Community prepares to bow heads on National Day of Prayer Thursday
By Phyllis Moore
Published in News on May 1, 2011 1:50 AM
The National Day of Prayer, observed on the first Thursday in May for the past 60 years, becomes a communitywide event in Goldsboro this year.
Previously, smaller versions locally have been hosted by area churches and on the courthouse steps.
But this year, a group was formed to organize a patriotic God and country celebration to commemorate the occasion.
Lynn Chewning, spokes-person for the Wayne County Task Force, said the "huge undertaking" began in November.
"I just have such a passion for our country to get to pray because we need it desperately," she said. "I also have a couple friends that share that passion and during conversations, decided we wanted it to grow locally and involve the community."
The group initially approached Goldsboro Mayor Al King with the proposal.
"He was all on board from the very beginning, very encouraging," Mrs. Chewning said.
Grassroots support from area churches as well as CLIFF -- Clergy Living in Faith and Fellowship -- and others helped launch the initiative.
"We have just had people come alongside that have been very instrumental in helping with this," she said. "There's a lot of things that we're learning this go-round. We have got churches involved. It's crossed racial lines, interdenominations."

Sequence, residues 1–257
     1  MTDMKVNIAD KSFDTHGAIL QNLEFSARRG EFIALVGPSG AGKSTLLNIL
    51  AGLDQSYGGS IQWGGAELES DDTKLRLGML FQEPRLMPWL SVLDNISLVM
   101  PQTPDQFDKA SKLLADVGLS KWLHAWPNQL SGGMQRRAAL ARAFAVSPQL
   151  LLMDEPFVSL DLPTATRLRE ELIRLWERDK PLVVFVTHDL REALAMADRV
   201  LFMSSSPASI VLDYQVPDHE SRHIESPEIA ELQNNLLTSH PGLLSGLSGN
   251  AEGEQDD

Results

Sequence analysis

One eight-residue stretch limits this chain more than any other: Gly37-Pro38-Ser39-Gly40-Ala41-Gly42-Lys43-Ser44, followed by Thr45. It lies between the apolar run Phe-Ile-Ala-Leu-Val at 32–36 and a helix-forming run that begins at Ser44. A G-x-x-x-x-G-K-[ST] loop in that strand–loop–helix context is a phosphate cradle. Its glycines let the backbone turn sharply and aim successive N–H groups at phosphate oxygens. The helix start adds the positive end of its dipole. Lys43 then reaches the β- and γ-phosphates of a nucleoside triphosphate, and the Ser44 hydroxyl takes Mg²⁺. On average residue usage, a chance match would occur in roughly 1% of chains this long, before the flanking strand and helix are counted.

It's also a historical tribute, she pointed out.
In 1775, the first Continental Congress called for a National Day of Prayer, as did President Abraham Lincoln in 1863. Congress established it as an annual event, signed into law by President Harry Truman in 1952 and then amended and signed by President Ronald Reagan in 1988.
"Prayer has been a vital part of our country from the beginning," Mrs. Chewning said. "People think, this is a great day but I can stay home and pray. There's such power in corporate prayer. When God's people come together, He moves in magnificent ways."
The local event will be held Thursday at 7 p.m. in the Goldsboro High School auditorium. Admission is free and the public is invited.
Doors will open at 6:15 p.m., at which time praise and worship music will be provided by Sound of Tehillah from Tehillah Church and WSYM House Band from Bethel Church.
Theme for this year's National Day of Prayer is "A Mighty Fortress is Our God." The local theme, Mrs. Chewning said, is "Wayne County United in Prayer."
Keynote speaker will be Michael Dean Chadwick of Raleigh, chief executive officer of Chadwick Homes and 1st American Realty. In addition to being a motivational speaker and operating the non-profit Mike Chadwick Ministries, he supports his daughter and son-in-law Katie and Josh Hamilton, professional baseball player with the Texas Rangers, in their ministry, "Triple Play Ministries."
"He's a self-made, very wealthy man with a construction business in Raleigh," Mrs. Chewning said of Chadwick. "He's also an incredible energetic gentleman. We were very lucky to get him."
Other features of the 90-minute program include presentation of colors by Seymour Johnson AFB, national anthem sung by D.J. Coles, youth minister at the SJAFB chapel, and a presentation about "7x7" and the seven points of prayer.
"This comes from the National Day of Prayer," Mrs. Chewning explained. "Seven areas for seven days a week -- government, military, media, business, education, church and family. If you pray over each of these areas then you have covered everybody in our country."
Representatives from each of those areas within the community will be called upon to pray briefly, she said.